PROMs are starting to sound really good, aren’t they?
Another fantastic thing about PROMs is that they can tell us whether the treatment plan we have together decided upon is having the effect we want or not. Often, when pain decreases it can be difficult to remember just how bad it was (Remember that saying about giving birth? If we remembered how bad childbirth was we’d never have more than one child!) That being said, PROMs give us a way to determine your response to treatment based on your original responses to the questionnaire.
So how do we put PROMs to use in clinical practice, and how do they help inform our decision making and improve the care we provide our patients? We’ve got a case study here to explain it.
A bit of background- this Patient (let’s call them Patient X… sounds all mysterious and technical doesn’t it!) Anyway, Patient X had sustained a lower back injury in a road traffic accident more than a decade ago and had suffered with recurring episodes of lower back pain which, as seen by the chart below, were having a significant impact on their ADL’s (activities of daily living- things like washing, doing housework and sleeping) as well as their social life (going out to see friends, going to the gym, playing sports), the pain was a 6/10 and it was also making them anxious, depressed, having quite a severe impact on their working day and they had very little ability to cope with, control or reduce the pain themselves. All in all, not a very pleasant situation to find yourself in, but these results are fairly common in the patients we see in clinic. So much so, in fact, that Philippa takes a special clinical interest in chronic pain management– but that’s a story for another time.
The questions on the initial form are part of a validated assessment tool called the Bournemouth Questionnaire, and the answers are scaled on a 0 – 10 linear scale, 0 being “the pain has no interference” and 10 being variations of responses such as “completely unable to carry on” or “extremely anxious/extremely depressed.” As you can see, this patient was also at medium risk of chronicity due to some concerns they had about their back pain and what it meant for them, as they were worrying about it a lot of the time and felt that it was never going to improve.
We normally complete an outcome questionnaire after 2 weeks but in this particular case it was after 4, and Patient X completed this questionnaire which asked how their pain has changed, and also assesses the impact this pain is having on their lives at that time. This is where we get a bit geeky and excited- bear with us while we explain why.
Yes, as you can see below, Patient X’s pain level had increased at the time they completed the outcome questionnaire because (by their own report) the “Sciatic nerve in left leg has been irritated since last weekend” after spending a weekend doing a lot of heavy work in the garden…. they knew it wasn’t the best idea (!) However, despite the fact that they’d been doing quite hard physical work and had a slight flare-up as a result, they still reported they were “much improved” as a result of treatment, and their Bournemouth Questionnaire (the one that tells us how the pain is impacting on your day-to-day life) had reduced from 52/100 to 34/100 (which is computed as a 34.62% improvement!)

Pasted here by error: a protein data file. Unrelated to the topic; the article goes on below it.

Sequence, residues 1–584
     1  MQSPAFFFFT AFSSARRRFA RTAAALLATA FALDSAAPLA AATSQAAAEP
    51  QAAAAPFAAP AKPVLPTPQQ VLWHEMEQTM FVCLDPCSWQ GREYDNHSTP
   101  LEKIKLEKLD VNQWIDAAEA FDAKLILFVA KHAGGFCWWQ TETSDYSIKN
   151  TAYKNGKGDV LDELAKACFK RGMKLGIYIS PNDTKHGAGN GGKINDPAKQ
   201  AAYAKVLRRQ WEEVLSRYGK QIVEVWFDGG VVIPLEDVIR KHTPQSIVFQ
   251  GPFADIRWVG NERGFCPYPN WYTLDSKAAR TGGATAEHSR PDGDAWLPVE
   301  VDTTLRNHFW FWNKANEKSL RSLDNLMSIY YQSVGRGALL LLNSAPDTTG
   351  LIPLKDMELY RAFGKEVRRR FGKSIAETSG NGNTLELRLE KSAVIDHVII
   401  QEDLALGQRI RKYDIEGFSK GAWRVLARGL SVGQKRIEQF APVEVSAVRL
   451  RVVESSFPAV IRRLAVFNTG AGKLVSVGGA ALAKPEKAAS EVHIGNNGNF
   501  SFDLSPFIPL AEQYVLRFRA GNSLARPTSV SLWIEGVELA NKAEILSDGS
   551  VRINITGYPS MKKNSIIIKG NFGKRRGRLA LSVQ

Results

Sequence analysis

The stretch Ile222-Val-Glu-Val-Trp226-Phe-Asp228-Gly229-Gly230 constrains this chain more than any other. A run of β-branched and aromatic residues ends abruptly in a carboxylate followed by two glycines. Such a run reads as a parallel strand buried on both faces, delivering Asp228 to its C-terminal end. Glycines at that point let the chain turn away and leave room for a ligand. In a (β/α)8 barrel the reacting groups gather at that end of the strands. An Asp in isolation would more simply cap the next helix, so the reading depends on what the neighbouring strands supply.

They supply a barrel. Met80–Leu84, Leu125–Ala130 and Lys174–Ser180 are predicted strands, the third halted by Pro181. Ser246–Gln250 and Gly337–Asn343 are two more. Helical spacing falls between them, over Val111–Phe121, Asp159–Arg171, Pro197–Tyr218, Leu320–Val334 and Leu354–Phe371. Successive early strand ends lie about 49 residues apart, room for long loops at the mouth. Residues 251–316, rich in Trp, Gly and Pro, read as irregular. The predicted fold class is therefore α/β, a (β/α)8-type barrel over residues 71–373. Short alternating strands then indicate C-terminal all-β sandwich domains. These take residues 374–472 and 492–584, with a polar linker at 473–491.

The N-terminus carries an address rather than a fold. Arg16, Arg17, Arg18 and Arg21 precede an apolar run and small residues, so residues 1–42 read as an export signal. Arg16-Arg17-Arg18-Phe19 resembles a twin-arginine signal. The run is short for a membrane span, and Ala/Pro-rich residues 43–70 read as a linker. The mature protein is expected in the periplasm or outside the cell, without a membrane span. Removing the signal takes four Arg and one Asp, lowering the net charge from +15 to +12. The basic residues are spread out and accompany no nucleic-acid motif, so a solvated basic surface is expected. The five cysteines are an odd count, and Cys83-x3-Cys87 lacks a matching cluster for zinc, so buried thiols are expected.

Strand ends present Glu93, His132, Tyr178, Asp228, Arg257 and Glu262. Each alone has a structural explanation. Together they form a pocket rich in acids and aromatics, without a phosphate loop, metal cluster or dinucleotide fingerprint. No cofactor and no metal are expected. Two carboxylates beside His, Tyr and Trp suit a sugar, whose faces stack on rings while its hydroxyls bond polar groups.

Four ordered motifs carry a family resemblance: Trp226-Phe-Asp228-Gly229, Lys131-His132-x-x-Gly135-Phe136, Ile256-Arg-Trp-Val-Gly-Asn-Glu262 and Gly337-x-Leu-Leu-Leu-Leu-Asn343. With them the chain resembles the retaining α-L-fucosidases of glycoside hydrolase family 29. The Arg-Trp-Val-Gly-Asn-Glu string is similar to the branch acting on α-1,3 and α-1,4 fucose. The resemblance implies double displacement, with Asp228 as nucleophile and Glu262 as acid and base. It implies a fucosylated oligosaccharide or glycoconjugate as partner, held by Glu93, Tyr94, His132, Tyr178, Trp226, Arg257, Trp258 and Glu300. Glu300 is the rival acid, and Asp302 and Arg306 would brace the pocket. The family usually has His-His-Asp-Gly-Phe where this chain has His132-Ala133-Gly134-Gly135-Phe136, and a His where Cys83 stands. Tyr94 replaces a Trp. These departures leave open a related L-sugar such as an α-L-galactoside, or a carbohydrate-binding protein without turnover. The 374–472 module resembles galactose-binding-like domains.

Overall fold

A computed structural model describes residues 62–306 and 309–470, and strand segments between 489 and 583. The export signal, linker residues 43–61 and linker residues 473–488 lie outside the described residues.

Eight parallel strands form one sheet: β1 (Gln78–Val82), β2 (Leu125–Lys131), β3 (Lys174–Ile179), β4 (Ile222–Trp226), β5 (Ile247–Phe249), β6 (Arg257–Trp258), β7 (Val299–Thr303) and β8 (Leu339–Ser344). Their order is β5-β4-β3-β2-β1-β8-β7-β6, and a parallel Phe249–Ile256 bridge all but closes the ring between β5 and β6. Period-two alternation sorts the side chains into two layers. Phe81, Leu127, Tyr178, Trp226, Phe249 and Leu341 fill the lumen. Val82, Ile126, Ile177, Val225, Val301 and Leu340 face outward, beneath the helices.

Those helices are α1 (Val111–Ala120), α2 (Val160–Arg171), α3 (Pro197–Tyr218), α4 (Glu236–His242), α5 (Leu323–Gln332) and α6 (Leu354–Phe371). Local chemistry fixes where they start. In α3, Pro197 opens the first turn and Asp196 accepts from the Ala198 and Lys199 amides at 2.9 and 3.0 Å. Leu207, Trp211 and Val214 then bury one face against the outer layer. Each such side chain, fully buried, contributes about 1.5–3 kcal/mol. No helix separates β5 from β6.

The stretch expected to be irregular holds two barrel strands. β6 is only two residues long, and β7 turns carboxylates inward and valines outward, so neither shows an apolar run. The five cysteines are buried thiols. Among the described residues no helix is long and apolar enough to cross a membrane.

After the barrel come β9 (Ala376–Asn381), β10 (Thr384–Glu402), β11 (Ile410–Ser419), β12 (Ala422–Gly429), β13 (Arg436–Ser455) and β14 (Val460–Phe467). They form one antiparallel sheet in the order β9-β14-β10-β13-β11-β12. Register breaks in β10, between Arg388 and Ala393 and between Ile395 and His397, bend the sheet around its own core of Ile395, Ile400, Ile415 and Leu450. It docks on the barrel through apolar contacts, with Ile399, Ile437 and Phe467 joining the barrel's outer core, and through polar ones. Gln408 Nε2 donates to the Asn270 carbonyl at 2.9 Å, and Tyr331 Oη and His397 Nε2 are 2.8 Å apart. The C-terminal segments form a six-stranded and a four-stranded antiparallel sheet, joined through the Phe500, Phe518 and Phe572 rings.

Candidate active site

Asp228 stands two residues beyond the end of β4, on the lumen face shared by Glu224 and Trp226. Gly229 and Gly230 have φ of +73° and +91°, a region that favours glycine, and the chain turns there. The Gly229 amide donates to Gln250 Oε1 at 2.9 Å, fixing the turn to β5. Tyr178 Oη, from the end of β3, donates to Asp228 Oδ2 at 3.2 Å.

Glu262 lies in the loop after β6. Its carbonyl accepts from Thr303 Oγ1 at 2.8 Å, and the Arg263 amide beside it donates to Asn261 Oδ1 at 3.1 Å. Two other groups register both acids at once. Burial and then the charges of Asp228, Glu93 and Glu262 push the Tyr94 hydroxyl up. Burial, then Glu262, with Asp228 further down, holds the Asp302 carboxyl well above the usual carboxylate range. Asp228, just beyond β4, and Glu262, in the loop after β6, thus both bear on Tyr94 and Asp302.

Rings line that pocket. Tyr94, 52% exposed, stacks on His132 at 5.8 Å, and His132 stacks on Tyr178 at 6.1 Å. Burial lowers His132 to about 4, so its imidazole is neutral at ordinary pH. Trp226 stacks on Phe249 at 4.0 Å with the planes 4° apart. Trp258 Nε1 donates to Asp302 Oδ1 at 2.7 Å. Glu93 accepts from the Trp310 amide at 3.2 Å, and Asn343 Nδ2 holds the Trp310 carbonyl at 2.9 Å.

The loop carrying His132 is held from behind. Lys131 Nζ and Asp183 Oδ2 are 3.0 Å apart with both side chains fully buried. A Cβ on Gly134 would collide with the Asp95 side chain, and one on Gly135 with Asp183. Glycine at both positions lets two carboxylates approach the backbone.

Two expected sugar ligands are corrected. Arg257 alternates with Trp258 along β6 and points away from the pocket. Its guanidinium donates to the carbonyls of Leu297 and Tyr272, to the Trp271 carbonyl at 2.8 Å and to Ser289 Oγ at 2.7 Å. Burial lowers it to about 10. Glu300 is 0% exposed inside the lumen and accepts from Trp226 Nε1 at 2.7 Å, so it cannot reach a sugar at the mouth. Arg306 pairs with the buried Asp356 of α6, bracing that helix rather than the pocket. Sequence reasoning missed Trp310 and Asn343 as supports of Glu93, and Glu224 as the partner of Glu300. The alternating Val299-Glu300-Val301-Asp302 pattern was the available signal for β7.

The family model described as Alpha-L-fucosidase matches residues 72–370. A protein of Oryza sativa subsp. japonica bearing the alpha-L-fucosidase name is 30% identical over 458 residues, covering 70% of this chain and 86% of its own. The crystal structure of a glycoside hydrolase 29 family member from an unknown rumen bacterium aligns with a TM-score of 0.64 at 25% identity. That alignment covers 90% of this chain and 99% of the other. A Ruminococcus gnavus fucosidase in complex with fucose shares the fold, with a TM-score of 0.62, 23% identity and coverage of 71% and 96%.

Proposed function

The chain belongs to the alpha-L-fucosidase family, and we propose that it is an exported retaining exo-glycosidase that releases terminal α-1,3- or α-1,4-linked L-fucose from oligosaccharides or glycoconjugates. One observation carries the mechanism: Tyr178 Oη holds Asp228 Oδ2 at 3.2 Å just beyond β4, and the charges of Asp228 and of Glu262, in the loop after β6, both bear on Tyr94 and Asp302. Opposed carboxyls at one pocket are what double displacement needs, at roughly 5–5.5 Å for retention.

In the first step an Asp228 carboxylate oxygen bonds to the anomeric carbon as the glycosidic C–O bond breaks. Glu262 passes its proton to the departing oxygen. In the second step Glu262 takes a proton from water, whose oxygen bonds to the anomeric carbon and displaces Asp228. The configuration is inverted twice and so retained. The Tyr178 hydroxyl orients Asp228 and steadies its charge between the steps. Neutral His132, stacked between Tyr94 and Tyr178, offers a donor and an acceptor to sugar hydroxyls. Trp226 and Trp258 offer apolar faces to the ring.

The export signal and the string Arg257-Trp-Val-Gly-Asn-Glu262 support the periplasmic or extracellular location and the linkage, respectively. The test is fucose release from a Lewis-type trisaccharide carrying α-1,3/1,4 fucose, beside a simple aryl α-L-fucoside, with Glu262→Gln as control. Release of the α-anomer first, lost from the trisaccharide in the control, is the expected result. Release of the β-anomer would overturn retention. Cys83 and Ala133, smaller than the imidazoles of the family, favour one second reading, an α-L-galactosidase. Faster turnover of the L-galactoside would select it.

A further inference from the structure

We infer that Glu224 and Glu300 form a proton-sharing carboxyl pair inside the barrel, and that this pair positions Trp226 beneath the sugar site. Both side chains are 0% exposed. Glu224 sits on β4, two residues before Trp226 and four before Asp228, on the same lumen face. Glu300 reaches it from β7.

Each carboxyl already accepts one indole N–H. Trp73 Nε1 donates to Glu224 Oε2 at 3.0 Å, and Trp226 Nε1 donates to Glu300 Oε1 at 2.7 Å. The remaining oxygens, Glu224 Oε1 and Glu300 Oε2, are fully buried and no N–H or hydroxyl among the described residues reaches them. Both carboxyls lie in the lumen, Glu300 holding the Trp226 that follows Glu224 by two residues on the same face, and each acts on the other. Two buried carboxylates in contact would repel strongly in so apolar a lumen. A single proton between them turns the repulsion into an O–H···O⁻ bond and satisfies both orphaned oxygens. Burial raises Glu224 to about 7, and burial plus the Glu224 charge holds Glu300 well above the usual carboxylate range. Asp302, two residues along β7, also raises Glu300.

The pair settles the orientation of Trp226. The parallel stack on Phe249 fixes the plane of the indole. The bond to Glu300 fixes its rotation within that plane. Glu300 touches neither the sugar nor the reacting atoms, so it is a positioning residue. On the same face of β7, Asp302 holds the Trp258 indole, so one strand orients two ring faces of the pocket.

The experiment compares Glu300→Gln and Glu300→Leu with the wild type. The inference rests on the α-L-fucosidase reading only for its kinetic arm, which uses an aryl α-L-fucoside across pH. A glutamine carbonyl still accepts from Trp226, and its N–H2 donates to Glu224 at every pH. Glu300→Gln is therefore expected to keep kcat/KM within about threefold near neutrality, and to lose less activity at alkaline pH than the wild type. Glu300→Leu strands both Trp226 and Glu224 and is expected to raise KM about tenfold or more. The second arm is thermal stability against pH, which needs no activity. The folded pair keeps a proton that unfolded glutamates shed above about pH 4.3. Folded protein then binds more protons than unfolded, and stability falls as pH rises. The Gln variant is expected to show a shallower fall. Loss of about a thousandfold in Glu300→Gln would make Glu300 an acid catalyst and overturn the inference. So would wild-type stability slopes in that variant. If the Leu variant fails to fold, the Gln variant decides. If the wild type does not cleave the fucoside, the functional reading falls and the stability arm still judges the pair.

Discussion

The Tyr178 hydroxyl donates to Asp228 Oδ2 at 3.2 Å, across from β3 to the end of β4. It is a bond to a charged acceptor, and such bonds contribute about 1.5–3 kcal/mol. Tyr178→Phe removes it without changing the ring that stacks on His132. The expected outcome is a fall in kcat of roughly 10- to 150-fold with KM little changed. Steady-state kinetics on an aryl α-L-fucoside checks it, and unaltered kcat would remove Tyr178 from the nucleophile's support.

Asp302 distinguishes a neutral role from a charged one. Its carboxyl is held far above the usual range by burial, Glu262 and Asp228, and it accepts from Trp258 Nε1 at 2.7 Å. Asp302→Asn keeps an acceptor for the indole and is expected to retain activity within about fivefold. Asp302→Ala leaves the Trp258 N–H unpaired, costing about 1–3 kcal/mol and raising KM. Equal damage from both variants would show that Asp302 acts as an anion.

How is it possible that the pain could actually have increased, but Patient X felt better? Well, as we do with all our patients, we had a lengthy chat with Patient X about their pain, and how it was impacting them, and how they could manage it more effectively, as well as what we could do to help. Studies have shown that in some specific cases, a pain management course is actually more helpful than physical treatment, so we always include pain management as part of our treatment programmes. The more control you have over your pain, the less pain you feel. So through understanding pain and knowing what’s going on, what the cause was (in this case a mechanical issue with how a joint in the lower back was moving) what it isn’t (lower back pain is very rarely serious) and what to do about it (treatment and active self-management), Patient X felt less pain as they were less threatened by it, understood what was going on, were less concerned by the pain and able to move more normally without fear of pain.
After speaking to Patient X to establish what they felt had changed, the overall message was “I know what’s happening now, and I know what to do about it.” Woohoo! This is why it’s absolutely critical that we convey the right messages to you and help you to understand your pain. As practitioners, we also know that pain in itself is a really unreliable indicator of the severity of the underlying issue. To use our favourite analogy- think how painful a papercut can be despite the fact it’s a fairly minor injury. Pain in itself is just a symptom and studies have shown it does not relate to the severity of the underlying problem- in fact, some studies show that pain related fear is more disabling than the pain itself!
To understand more about pain and what causes pain, this should be your next bit of reading: Understanding Pain.
Let’s get back to Patient X, who today completed their final outcome assessment.